According to Laura Turner, the southside community outreach liason for Children’s Healthcare, the three hospitals and 17 neighborhood locations across metro Atlanta that are a part of Children’s Healthcare serve not only Atlanta, but the whole area including Spalding County. When speaking to the Rotary Club of Griffin last week, Turner, a Locust Grove resident and Henry County Rotarian, said she wanted “to let people know what we do.”
Of the 17 neighborhood locations, the closest is Hudson Bridge location in Stockbridge in the Walmart plaza, on the west side of Interstate 75. It is one of five that are also urgent care facilities, Turner said, and is open 11 a.m. to 9 p.m. weekdays and 9 a.m. to 9 p.m. on weekends.
Children’s Healthcare includes the hospitals of Scottish Rite, Egleston and Hughes Spalding, as well as the Marcus Autism Center. The Egleston location is a Level 1 trauma center and is a training hospital for medical students from Emory and Morehouse.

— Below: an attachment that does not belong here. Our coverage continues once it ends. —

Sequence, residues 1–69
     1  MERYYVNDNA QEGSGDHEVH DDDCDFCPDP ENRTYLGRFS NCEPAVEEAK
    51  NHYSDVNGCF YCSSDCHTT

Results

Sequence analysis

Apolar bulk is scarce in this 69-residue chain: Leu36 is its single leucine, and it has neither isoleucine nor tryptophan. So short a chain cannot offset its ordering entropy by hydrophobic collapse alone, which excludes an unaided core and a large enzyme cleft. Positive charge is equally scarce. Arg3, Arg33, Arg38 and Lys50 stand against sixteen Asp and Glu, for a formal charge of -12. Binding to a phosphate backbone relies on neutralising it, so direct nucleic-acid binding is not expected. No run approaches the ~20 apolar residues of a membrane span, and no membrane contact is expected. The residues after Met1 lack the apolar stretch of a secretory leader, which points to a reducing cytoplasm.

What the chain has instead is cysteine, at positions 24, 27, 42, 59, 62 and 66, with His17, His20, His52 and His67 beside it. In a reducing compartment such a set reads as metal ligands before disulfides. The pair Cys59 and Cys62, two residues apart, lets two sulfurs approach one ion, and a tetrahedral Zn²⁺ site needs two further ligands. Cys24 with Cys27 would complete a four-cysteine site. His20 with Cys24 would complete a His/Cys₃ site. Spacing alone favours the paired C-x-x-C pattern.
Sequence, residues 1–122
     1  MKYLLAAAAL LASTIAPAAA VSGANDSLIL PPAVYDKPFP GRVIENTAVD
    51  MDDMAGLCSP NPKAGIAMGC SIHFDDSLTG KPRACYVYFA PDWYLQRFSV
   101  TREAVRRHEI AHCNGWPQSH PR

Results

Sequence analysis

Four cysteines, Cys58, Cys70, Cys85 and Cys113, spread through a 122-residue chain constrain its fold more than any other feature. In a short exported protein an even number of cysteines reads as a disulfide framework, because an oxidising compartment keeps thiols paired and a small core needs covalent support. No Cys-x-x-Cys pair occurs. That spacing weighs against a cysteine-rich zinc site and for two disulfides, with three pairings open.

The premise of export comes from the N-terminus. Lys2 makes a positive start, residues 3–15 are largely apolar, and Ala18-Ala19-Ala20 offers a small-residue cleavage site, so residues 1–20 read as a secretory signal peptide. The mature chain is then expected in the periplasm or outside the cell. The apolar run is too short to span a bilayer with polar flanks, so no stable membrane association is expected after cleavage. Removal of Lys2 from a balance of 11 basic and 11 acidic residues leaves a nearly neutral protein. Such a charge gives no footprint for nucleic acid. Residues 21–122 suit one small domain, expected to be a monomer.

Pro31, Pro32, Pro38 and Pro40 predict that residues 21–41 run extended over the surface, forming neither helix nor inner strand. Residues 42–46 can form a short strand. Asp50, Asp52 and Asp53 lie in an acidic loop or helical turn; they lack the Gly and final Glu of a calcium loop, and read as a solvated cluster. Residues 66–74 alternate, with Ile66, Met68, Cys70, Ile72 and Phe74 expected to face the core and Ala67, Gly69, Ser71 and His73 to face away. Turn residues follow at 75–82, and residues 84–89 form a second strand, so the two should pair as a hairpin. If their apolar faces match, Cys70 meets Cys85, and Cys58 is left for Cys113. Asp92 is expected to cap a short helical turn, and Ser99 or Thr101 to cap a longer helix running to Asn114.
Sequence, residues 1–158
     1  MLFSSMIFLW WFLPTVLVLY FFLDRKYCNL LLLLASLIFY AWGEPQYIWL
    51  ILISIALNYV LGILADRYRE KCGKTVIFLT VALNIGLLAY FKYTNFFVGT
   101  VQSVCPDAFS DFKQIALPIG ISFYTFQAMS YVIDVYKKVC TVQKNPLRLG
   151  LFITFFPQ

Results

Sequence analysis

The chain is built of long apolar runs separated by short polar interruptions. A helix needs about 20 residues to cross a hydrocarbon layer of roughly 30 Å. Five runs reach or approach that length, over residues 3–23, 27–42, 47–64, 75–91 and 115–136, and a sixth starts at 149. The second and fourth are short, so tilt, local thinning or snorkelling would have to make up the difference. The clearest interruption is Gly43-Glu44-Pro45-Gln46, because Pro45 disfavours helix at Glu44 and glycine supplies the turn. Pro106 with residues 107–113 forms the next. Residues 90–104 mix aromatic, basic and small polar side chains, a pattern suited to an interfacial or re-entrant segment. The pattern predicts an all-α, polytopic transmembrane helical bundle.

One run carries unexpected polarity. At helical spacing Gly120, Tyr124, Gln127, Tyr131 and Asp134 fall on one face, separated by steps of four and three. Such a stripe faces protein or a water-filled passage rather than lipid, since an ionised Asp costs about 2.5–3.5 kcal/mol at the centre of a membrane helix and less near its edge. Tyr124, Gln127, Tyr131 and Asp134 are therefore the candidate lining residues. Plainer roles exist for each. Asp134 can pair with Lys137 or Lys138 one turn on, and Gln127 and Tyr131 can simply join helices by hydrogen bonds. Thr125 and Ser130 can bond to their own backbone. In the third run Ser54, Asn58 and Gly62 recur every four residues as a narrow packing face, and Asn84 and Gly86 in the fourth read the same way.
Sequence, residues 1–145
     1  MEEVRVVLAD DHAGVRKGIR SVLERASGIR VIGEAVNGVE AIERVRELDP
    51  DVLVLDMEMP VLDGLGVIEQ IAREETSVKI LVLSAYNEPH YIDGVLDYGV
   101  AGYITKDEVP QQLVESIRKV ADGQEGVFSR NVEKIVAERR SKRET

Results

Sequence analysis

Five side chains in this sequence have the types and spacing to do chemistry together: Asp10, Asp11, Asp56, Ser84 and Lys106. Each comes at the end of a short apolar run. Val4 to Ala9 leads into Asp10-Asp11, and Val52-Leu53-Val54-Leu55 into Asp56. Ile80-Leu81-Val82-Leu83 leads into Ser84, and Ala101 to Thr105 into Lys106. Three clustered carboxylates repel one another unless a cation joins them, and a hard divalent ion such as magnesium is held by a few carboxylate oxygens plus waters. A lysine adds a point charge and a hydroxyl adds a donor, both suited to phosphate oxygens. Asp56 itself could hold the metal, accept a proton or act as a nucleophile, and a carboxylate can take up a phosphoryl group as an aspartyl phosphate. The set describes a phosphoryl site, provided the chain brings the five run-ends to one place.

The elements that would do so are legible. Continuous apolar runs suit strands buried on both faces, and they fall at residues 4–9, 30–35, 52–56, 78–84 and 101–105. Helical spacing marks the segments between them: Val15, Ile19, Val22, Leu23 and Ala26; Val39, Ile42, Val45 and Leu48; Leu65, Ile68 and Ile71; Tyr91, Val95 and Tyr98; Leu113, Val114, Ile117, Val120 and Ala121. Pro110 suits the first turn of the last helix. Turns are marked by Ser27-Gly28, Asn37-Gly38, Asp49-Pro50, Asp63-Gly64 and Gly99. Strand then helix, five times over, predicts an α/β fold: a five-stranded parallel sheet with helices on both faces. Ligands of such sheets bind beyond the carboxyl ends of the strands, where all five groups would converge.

At the Hughes Spalding location in Atlanta, Turner said, “We do a lot of primary care there,” adding there’s also psychiatric care and a sickle cell clinic.
The Marcus Autism Clinic, along with autism, also treats fetal alcohol syndrome and eating disorders. Turner said, “There’s a lot of behavioral health.”
Some of that work has helped develop a mobile treatment device, she said, to help diagnose autism in children as young as 6 months old.
“Our goal is to have one in every pediatrician’s office,” Turner said, which she said was one of the reasons she is talking to civic clubs in the area.
Along with the mobile treatment device and lower radiation, child-specific X-ray machines, Children’s has larger ambulances at the urgent care center with room for parents, which she described as a “rolling ICU.” But a helipad was built by the Hudson Bridge site, since the ambulance are out for two to three hours at a time when they have to transport a child to Atlanta.
“What can y’all do to help us?” she asked.
“It costs $2.5 million a day” to operate Children’s Healthcare, she said, which is the state’s 10th largest employer, the largest children’s medical provider in the country and the largest Medicaid/Medicare provider in the state.
“No child is denied treatment,” she said. “Every child is treated the same, whether they can pay or not. There’s no difference.”